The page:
No termination of agreement without replacement agreement?

Cases

No termination of agreement without replacement agreement?

A new Federal agreement provision that permits the termination of an agreement only if it is replaced by another agreement could possibly be a permissible provision under WorkChoices - but this is still unclear.

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A new Federal agreement provision that permits the termination of an agreement only if it is replaced by another agreement could possibly be a permissible provision under WorkChoices - but this is still unclear.

The contrary view is that it is a claim that deals with renegotiation of a workplace agreement because it refers to a new agreement - and so is in breach of WorkChoices legislation. The union here argued that it was a term relating to termination of an agreement - a category allowed by the Act.

Senior Deputy President Cartwright did not have to decide the matter as a right of entry provision sought by the union offended the legislation. Regulation 2.8.5(1)(g) prohibited the provision as it dealt with union officials' rights to enter the site of the employer bound by the agreement.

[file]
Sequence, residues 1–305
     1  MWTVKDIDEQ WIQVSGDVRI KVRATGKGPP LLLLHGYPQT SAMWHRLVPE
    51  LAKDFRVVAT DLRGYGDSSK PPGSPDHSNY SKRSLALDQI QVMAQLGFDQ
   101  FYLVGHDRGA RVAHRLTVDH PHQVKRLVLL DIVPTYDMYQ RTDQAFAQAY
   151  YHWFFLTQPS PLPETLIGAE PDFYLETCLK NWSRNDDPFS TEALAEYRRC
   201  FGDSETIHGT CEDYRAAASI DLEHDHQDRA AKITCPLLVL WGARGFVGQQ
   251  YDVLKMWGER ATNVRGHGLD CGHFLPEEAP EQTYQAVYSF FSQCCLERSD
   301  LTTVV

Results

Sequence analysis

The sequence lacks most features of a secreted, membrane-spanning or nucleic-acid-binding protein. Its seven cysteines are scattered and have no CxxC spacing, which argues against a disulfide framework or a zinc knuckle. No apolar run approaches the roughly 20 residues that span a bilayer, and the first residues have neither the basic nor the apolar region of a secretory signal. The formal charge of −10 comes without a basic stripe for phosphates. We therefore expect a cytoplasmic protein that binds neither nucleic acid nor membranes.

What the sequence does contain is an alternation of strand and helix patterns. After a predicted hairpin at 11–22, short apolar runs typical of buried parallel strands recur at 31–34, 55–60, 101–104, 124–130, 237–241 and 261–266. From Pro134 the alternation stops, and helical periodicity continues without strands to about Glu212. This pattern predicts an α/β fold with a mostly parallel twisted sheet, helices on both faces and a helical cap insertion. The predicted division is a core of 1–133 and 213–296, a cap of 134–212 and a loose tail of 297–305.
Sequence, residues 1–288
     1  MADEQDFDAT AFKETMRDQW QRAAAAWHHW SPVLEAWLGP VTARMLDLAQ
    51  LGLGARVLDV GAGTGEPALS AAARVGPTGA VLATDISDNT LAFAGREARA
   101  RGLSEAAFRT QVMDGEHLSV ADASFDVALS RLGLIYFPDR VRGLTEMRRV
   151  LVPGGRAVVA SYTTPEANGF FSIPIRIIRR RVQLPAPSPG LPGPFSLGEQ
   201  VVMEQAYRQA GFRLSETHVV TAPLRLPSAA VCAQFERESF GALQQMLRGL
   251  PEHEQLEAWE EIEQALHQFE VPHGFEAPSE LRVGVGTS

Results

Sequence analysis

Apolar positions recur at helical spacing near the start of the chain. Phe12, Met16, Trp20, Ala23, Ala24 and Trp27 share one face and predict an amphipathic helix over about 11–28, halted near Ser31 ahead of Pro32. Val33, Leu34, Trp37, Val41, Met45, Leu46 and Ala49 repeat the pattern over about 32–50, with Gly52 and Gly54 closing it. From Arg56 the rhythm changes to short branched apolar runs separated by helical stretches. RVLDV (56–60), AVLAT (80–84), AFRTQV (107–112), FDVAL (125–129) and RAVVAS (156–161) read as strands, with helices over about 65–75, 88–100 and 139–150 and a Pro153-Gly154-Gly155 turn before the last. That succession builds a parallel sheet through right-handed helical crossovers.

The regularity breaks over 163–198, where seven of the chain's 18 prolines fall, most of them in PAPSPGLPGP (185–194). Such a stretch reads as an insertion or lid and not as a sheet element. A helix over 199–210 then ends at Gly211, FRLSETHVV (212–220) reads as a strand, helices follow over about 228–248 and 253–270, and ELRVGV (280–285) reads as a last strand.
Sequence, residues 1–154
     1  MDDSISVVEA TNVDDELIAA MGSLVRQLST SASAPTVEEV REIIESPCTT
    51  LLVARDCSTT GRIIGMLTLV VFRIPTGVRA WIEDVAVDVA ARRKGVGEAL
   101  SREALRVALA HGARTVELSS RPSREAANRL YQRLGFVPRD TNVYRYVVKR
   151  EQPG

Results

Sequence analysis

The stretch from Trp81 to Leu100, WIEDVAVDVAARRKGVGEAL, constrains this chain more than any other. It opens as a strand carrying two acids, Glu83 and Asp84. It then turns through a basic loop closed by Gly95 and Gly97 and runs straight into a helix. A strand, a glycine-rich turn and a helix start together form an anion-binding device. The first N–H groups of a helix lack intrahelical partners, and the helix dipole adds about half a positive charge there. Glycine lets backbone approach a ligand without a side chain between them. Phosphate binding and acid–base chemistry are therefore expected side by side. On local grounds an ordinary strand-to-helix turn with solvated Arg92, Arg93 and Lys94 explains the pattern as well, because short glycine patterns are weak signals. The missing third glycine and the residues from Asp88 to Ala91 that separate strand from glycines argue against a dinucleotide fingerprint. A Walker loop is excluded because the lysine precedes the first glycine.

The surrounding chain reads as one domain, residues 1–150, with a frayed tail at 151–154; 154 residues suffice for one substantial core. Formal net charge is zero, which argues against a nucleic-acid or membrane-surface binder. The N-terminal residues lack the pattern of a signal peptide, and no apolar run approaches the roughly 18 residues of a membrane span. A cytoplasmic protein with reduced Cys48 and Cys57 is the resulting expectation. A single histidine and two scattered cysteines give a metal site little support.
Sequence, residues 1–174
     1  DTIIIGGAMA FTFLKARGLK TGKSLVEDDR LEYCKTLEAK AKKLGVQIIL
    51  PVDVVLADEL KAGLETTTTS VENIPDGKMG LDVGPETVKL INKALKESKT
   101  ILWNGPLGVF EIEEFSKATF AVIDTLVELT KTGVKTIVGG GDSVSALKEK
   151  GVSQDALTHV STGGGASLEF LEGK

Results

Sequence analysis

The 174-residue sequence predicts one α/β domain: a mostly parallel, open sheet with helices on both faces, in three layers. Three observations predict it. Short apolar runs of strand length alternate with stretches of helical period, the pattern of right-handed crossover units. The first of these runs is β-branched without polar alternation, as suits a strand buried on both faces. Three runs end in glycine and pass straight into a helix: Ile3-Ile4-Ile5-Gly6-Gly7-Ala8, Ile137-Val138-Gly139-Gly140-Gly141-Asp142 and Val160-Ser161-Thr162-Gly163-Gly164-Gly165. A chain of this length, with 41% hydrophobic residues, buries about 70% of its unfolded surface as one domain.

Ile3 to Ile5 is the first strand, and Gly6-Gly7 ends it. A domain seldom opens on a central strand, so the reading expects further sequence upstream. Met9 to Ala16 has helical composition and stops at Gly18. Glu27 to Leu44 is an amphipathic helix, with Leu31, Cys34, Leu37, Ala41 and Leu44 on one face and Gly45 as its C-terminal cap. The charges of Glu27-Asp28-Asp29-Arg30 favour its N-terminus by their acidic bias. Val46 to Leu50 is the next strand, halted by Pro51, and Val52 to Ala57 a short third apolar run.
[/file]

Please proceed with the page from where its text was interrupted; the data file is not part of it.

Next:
New agreement provision

The employer argued that the clause requiring a new agreement be put in place before termination of the old agreement was prohibited by Regulation 2.8.5(1)(a), which bars content on 'renegotiation of a workplace agreement'.

The clause sought

The union's log of claims included the following proposed clauses:

'AMWU representatives upon arrival to the site must register and sign-off at reception and at all times be accompanied by the site union delegate;' and

'This agreement will continue in force after its nominal expiry date pursuant to the Act and will not be terminated except when replaced by a new agreement.'

Consideration

Senior Deputy President Cartwright said the characterisation of the second clause noted above was finely balanced. He said he favoured the view that it dealt with renegotiation of a workplace agreement because it contemplates a new agreement.

However, he did not need to decide the matter. He did add in conclusion:

'… it illustrates the risks attached to attempting to negotiate just short of the boundary on prohibited content. Any crossing of the boundary may deny employees access to protected industrial action.'

AMWU v EDI Rail Pty Ltd. - AIRC - PR973839 - 31 August 2006.

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